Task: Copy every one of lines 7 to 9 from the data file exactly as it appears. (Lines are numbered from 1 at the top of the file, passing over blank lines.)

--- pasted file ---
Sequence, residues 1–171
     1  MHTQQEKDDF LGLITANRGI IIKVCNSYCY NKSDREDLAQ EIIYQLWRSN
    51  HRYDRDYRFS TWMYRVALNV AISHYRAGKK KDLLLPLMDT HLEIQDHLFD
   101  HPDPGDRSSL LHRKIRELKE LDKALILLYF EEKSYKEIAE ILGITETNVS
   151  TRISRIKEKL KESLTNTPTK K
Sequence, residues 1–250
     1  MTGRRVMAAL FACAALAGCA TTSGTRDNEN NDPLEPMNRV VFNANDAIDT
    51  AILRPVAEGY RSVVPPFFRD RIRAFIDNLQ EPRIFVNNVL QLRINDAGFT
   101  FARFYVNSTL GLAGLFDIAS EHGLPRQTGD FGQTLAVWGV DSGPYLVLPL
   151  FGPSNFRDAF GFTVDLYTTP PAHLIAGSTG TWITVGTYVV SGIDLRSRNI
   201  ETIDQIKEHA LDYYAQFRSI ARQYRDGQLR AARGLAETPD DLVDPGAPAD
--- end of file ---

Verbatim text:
     1  MTGRRVMAAL FACAALAGCA TTSGTRDNEN NDPLEPMNRV VFNANDAIDT
    51  AILRPVAEGY RSVVPPFFRD RIRAFIDNLQ EPRIFVNNVL QLRINDAGFT
   101  FARFYVNSTL GLAGLFDIAS EHGLPRQTGD FGQTLAVWGV DSGPYLVLPL